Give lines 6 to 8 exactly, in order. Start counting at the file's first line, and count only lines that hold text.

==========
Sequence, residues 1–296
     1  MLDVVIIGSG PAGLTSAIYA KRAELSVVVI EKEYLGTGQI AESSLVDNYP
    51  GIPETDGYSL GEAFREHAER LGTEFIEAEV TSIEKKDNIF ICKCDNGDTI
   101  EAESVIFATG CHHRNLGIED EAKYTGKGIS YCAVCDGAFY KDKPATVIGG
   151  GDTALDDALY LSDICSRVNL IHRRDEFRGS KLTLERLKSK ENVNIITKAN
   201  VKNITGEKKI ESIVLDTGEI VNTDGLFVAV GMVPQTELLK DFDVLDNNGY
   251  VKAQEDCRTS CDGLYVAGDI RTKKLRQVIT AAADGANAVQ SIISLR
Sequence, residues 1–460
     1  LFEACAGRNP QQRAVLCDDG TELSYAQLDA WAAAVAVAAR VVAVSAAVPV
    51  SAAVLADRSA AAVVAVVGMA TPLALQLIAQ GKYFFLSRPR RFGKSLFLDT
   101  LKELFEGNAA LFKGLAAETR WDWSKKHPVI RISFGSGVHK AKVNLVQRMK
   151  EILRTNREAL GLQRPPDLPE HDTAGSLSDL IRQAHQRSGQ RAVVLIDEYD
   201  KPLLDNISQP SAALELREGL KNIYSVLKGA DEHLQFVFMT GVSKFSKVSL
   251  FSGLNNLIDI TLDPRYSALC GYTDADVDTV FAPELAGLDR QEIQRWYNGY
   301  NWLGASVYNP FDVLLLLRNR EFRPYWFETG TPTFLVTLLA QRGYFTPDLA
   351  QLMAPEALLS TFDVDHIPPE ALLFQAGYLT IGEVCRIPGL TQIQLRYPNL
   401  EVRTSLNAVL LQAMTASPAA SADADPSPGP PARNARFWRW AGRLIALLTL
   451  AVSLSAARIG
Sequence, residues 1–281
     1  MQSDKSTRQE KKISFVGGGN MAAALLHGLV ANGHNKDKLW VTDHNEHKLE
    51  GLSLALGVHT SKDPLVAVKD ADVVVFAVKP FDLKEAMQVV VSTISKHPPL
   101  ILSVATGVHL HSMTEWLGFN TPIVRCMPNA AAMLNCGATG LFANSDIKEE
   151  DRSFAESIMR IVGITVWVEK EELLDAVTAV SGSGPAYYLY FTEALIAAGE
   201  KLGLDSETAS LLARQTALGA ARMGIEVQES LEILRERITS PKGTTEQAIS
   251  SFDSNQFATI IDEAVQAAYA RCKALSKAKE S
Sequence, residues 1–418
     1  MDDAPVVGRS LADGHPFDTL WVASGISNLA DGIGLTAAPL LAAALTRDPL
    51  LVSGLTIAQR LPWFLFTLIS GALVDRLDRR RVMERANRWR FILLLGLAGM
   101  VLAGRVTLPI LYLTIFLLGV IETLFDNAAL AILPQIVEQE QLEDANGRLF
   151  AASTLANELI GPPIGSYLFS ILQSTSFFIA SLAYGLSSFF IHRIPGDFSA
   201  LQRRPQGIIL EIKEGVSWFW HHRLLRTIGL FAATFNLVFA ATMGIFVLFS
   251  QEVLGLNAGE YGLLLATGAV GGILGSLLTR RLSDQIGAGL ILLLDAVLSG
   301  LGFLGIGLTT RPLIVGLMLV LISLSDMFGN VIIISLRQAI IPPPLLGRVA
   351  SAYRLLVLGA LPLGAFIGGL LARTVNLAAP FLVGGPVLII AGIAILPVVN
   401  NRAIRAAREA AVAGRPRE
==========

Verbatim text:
   201  VKNITGEKKI ESIVLDTGEI VNTDGLFVAV GMVPQTELLK DFDVLDNNGY
   251  VKAQEDCRTS CDGLYVAGDI RTKKLRQVIT AAADGANAVQ SIISLR
Sequence, residues 1–460